Submitted to: Encyclopedia of Water Science
Publication Type: Other
Publication Acceptance Date: February 12, 2002
Publication Date: August 1, 2003
Citation: TOLK, J.A. SOILS, PERMANENT WILTING POINTS. STEWART, B.A., HOWELL, T.A., EDITORS. MARCEL-DEKKER, INC., NEW YORK, NY. ENCYCLOPEDIA OF WATER SCIENCE. 2003. P. 927-929. Interpretive Summary: Permanent wilting point (PWP) is the lowest amount of water that remains in the soil because a plant is unable to extract it. Along with the upper boundary called field capacity, which is the amount of water in a wetted soil after it has drained, PWP establishes the size of the reservoir of water in a soil that can be used by plants to maintain life. Measurement of PWP is not easy, because PWP is determined by a complex combination of factors involving the plant, soil, and the atmosphere. This article describes various techniques for estimating PWP.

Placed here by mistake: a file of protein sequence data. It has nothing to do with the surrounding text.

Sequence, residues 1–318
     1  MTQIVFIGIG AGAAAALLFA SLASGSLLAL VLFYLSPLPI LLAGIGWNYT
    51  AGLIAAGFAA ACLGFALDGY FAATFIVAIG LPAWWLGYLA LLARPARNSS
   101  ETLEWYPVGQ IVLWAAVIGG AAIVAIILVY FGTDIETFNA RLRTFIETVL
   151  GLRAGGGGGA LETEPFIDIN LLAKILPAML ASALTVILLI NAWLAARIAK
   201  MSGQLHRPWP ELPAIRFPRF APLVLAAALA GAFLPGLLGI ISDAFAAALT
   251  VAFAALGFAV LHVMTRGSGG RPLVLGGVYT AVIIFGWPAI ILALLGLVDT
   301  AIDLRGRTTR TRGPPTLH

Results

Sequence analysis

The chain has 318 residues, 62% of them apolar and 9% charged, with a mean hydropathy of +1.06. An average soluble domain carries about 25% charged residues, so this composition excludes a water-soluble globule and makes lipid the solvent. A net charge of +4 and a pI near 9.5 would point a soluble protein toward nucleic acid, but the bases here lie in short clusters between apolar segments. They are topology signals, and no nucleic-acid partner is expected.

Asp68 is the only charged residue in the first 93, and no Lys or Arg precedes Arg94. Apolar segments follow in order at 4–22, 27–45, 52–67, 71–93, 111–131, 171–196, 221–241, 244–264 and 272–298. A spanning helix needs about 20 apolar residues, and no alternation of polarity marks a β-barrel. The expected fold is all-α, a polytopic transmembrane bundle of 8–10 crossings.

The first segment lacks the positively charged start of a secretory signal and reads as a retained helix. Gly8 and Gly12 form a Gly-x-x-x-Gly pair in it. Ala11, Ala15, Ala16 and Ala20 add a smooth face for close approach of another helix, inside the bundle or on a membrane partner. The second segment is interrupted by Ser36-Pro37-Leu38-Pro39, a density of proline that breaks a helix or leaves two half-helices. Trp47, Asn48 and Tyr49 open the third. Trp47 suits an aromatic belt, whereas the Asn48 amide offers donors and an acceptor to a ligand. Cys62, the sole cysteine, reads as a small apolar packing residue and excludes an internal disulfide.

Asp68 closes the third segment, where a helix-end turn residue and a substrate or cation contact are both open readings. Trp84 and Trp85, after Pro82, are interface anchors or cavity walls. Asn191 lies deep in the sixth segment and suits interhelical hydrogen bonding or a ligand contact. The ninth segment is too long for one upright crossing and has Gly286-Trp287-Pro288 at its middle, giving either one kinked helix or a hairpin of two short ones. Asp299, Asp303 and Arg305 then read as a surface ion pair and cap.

Technical Abstract: Permanent wilting point (PWP) defines the lower limit of water use by plants. It is a product of many factors, including water potential gradients between and within the soil and plant, rooting characteristics and distribution, and atmospheric demand. It has been estimated as the soil water content 1) at which the leaves of a sunflower (Helianthus annuus sL.) Grown in the soil remain permanently wilted even when placed in a humi environment, 2) remaining in a soil placed under 1.5 MPa pressure, and 3) in a field where plants were at or near premature death or became dormant. This article describes the procedures for estimating PWP.